2011 National League West Sneak Peek No. 1: Can the San Francisco Giants Repeat?

Vince CestoneContributor IIIDecember 21, 2010

Brian Wilson addressing an excited San Francisco crowd at City Hall during the Giants' World Series Victory Parade
Brian Wilson addressing an excited San Francisco crowd at City Hall during the Giants' World Series Victory ParadeJustin Sullivan/Getty Images

Pitchers and catchers report in about two months, but that does not silence the baseball talk.

The winter meetings have come and gone, but it seems the Giants prefer to stand pat. They have publicly stated they aren't going after any of the top free agents, and why should they? The team of misfits they put together last year achieved baseball immortality, so why should the team be assembled any differently?

So far, the Giants appear to be the favorite in 2011. They have retained most of their tremendous pitching staff, which was first in baseball in ERA and strikeouts in 2010. All they lost was Chris Ray out of the bullpen, but their whole Cy Young-caliber starting rotation remains intact for 2011 and beyond.

Even with Tim Lincecum's August struggles, the Giants still have one of the best starting staffs in all of baseball. Matt Cain had a phenomenal year and competed against Lincecum for the ace status, but Lincecum showed why he was an ace during the postseason. Zito and Sanchez remain a question, but they are undoubtedly one of the best four and five starters in baseball, depending on how the Phillies' newly beefed-up staff does. Expect another solid year from the rotation.

As for the Giants bullpen, it should also be stellar in 2011. Brian Wilson, Javier Lopez and the rest of the staff are all back for next season. With the Giants re-signing Guillermo Mota, the Giants shored up the back end of their bullpen in case of injury or if mop-up work is needed. Basically, what got the Giants to the World Series in 2010 will return for the 2011 season.

The Giants offense only needs mediocrity to win the West, but anything less will not get the job done. In 2009, the Giants offense was abysmal, nearly the worst in baseball. Even so, they somehow won 88 games, but it was not enough to beat out the Rockies for the Wild Card.

In 2010, the Giants were closer to the middle of the pack in hitting, and they won the West with 92 games. Now that the Giants added Tejada, Cody Ross (mid-2010), Pat Burrell (mid-2010), re-signed Aubrey Huff, and a healthier Pablo Sandoval (who lost 15 pounds in San Diego so far), the Giants' offense is worlds better than on April of 2010. They also have a stronger bench, with Mark DeRosa returning in 2011. Don't forget Buster Posey, who just jolted the offense in July.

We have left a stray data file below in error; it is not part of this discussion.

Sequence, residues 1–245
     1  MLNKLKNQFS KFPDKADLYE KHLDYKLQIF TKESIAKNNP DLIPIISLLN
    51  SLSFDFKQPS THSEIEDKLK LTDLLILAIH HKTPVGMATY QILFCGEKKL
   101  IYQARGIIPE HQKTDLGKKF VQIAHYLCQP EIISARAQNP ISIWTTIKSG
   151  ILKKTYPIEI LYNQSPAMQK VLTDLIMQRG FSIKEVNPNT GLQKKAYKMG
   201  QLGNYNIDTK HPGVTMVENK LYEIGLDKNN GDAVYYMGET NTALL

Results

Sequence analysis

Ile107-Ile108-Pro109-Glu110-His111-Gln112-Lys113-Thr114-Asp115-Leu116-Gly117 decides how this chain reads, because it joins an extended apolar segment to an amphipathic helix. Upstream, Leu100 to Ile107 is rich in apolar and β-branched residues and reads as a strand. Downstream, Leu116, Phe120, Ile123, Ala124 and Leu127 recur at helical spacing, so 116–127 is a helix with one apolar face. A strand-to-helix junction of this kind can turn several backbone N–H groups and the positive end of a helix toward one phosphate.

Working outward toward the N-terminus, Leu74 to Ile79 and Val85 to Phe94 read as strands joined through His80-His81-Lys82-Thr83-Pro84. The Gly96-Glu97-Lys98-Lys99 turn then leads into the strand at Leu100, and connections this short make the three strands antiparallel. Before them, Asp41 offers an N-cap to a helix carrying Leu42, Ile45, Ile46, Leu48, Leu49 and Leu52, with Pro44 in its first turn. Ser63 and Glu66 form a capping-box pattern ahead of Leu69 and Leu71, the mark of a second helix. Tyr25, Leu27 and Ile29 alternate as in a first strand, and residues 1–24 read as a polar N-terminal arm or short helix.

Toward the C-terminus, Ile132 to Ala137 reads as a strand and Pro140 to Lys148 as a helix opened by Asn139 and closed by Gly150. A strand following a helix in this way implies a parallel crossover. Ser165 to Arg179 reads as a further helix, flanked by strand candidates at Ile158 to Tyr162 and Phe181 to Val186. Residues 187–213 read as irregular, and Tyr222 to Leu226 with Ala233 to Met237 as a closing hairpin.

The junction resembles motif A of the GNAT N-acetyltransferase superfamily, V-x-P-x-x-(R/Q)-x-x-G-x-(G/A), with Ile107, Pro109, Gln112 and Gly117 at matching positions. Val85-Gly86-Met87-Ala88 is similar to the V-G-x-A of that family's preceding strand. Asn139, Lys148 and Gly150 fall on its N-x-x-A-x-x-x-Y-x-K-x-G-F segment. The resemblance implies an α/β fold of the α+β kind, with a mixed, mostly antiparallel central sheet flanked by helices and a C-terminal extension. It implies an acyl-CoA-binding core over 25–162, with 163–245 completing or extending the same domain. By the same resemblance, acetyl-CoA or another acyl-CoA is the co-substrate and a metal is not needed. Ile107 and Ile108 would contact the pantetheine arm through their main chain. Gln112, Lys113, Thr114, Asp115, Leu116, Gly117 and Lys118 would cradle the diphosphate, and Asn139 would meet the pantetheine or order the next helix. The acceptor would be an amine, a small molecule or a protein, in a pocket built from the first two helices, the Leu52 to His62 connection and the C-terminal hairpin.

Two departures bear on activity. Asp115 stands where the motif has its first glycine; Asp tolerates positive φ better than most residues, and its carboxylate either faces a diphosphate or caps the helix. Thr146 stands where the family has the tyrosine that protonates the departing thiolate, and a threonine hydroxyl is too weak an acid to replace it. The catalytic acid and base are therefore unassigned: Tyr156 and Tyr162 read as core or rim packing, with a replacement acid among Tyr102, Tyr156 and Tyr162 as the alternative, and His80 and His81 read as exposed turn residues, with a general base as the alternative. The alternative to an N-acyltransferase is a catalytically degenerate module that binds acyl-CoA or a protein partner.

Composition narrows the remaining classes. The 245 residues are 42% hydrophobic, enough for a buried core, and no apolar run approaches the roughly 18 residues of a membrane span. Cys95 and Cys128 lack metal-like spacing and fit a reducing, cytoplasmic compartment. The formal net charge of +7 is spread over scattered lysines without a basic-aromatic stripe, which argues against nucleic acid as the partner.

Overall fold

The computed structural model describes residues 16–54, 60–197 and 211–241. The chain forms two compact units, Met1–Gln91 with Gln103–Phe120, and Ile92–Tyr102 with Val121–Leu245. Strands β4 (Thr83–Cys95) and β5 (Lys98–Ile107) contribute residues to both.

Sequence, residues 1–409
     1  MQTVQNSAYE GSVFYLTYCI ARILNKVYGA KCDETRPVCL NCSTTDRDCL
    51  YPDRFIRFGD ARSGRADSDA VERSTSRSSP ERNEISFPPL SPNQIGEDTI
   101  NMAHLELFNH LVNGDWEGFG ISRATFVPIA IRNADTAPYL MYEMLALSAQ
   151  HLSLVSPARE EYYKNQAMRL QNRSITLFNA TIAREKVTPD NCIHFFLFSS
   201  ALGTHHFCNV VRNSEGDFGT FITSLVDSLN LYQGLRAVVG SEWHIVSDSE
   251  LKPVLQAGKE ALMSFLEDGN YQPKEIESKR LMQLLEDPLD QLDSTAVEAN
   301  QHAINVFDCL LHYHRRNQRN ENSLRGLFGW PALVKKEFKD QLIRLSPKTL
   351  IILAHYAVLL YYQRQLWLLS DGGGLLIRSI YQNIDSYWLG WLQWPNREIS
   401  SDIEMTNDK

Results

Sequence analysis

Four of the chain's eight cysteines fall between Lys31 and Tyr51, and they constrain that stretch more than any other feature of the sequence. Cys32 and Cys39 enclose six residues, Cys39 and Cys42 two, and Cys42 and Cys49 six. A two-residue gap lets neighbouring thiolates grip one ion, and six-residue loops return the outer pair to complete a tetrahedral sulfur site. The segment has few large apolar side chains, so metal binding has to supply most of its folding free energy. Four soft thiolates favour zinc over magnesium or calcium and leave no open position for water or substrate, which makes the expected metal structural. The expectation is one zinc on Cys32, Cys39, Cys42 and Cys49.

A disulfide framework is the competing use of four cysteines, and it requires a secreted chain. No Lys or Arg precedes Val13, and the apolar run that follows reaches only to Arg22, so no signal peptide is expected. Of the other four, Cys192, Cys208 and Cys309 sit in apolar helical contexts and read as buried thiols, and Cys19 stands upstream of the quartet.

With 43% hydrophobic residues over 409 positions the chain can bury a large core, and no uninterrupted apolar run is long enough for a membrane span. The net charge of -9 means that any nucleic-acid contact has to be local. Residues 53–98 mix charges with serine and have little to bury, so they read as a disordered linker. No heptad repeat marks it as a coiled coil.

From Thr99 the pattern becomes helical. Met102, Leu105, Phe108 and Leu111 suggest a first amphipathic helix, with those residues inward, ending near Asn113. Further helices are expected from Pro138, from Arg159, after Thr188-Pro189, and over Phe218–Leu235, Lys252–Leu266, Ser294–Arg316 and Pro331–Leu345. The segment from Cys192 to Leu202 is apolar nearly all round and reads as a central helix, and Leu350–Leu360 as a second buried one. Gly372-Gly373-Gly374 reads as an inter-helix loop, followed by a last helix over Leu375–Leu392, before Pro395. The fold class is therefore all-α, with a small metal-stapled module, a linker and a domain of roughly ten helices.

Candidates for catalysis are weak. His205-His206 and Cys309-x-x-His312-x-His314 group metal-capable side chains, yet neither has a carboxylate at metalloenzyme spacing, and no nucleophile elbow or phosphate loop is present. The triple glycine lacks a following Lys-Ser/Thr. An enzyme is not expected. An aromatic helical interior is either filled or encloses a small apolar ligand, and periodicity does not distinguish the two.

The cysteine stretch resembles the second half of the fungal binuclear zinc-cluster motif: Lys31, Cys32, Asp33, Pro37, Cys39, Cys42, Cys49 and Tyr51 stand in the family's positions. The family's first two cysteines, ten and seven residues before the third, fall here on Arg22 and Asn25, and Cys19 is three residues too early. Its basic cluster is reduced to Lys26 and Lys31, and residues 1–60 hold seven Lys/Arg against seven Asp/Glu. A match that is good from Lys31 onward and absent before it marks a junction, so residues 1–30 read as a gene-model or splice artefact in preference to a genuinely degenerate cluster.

In order to keep their bench strong, the Giants offered Edgar Renteria a one-year contract worth $1 million. I think it is fine to bring him back as a backup infielder, but for no more than the $1 million they offered him. He can fill a hole if, say, Freddy Sanchez or Miguel Tejada were lost to injury. He can be a short-term solution, since he is streaky, but is not ideal for a starting role. Still, he has a flare for the clutch as shown by the World Series, and his game-tying home run during the home opener.

Despite him feeling disrespected about the Giants contract offer, Renteria needs to realize the Giants did anything but that, considering they were the only team thus far to offer him a major league contract.

The one weakness I see for the Giants is athleticism. With the exception of Torres and Schierholtz, team speed is weak and so is their range. If Pablo Sandoval loses a few more pounds, I think he can give the Giants more athleticism as he did when he first came up in 2008. Watch any of his baserunning from '08, and you would think he was Carl Crawford compared to the way he runs now. Any speedster who isn't a loss at the plate (a la Eugenio Velez) will give the Giants another dimension offensively. Darren Ford can fly, but I don't think the Giants trust him entirely at the plate yet.

What was once a weakness back in the early part of the decade, the Giants' farm system is now a strength. The Giants have some decent options offensively, including hot prospect Brandon Belt.

Some would consider Belt the next Buster Posey. Although he hit .337 with nine home runs and 40 RBIs in 46 games at AA Richmond, he tapered off dramatically average-wise at AAA Fresno, hitting only .229 with four home runs and 10 RBIs in 13 games. Granted, it was a small sample size, but Sandoval better watch out in 2011 because the Giants seem to be comfortable with Belt as an option in the infield if the offense struggles.

Another prospect who can contribute in 2011 is outfielder Tyler Graham. He brings one offensive aspect that the Giants have been lacking in recent years. Despite his low power numbers (two home runs) at AAA Fresno, Graham posted a .343 batting average with 35 stolen bases and a .393 OBP in 109 games. This might spell a future lead-off hitter and an improvement on the Giants' athleticism, but only a big league sample size can paint a more adequate picture.

That said, I pick the San Francisco Giants to win the West once again. Their pitching is just superb, and I think having Burrell, Ross, Buster Posey and Torres in the lineup for a full season will get them 95-100 wins. Imagine how many of those early-season 2010 games they would have won with these players.


This article was featured on the blog Talking Giants Baseball.

Be sure to take the poll here on how you think Renteria should have reacted to his contract offer.

Look out for the 2011 National League West Preview No. 2: Los Angeles Dodgers, Can Their Glory Days Return by Robert C. Binyon. That article can found here.